|What's The Issue?
Mobile health, or mHealth, refers to the use of smartphones, tablets, and other mobile and wireless devices in both public health and health care. One of the most commonly understood forms of mHealth includes software applications, most commonly called "apps," which are designed to provide a health-related service for the user. The apps are sometimes called mHealth apps, medical apps, mobile medical apps, or similar permutations. Consumers may use mHealth apps to monitor their own health; doctors or other health care providers similarly can use the apps to engage patients in the tracking of their health.
For consumers, the apps may allow for a greater personal control in health management, from tracking exercise to scheduling doctor appointments. For physicians and other care providers, apps can assist in day-to-day medical care, as well as allow for health-related tasks in remote areas without access to traditional health care infrastructure.
New mHealth apps enter the marketplace daily, and they will continue to do so, particularly as mobile devices become more common and as the technology behind mobile hardware and software advances. Such technology allows for increasingly sophisticated mHealth applications and may even transform a smartphone or a tablet into a medical device. Unlike a tracking mechanism that merely captures data, medical devices are instruments that help diagnose, prevent, or treat an illness or condition.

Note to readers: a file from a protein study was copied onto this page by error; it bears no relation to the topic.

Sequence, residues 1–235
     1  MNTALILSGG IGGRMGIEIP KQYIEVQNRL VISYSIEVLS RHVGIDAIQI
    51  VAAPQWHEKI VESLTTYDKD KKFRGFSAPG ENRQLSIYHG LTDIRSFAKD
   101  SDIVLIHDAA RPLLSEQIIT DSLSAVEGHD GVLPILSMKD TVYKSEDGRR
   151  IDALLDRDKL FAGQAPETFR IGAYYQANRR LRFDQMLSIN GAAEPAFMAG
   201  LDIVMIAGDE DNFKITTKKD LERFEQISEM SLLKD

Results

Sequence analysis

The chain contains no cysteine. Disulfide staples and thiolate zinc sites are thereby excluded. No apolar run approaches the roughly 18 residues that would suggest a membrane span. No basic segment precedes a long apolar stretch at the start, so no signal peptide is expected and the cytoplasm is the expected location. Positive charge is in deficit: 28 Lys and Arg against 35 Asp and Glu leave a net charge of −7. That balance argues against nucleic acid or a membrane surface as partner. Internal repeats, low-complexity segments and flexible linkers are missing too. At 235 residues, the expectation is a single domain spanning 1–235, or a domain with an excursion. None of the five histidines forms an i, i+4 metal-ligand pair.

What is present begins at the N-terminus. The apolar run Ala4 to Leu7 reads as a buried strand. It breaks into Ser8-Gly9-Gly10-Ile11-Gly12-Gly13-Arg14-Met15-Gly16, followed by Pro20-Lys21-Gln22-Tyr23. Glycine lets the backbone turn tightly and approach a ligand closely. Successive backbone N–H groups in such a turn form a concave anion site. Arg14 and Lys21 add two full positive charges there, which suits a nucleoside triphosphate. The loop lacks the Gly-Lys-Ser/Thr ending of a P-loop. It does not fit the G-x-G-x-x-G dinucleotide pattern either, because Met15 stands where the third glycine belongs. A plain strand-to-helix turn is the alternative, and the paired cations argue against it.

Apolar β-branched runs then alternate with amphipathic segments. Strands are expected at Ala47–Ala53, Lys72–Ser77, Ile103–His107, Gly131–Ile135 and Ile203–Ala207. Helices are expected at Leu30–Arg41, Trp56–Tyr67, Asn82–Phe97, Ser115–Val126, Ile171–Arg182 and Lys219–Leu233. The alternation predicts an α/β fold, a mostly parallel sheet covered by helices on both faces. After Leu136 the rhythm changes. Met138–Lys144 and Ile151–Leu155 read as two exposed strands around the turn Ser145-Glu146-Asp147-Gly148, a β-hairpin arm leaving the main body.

Both the relative newness of the mHealth market and the influx of applications pose challenges to the federal agencies responsible for regulating health-related products. This is particularly true for the Food and Drug Administration (FDA). Part of the FDA's mission is to protect the public by making sure drugs, medical devices, and other health-related products are both safe and effective. To continue this mission in the mHealth sphere, the agency must ensure that certain mobile health apps--specifically those considered to be medical devices--are demonstratively safe and that the apps do as the companies who make them claim.
It is also the FDA's mission to advance public health by moving lifesaving technologies through regulation, both to ensure products' safety and to help them come to market. With this in mind, it is also important that the FDA provide guidance to the companies that make and sell mHealth apps, so that the companies know when regulations apply and how to comply while making new products available to consumers.
|What's The Background?
There are two main types of mHealth apps that concern general consumers: consumer-operated apps (most of which will not be FDA-regulated) and health care-operated apps (which may or may not be FDA-regulated depending on each app's function).
Consumer-operated apps may track personal fitness, such as miles walked or calories consumed or burned; provide doctor appointment reminders or drug dosing schedules; display reference material about prescription drugs or from medical textbooks; or save and display certain personal health records.
Health care-operated apps are used by clinicians and other health care providers and may do anything from making patients' electronic medical records easily accessible and shareable (between clinicians) to tracking vital signs to transforming a mobile device into a diagnostic tool.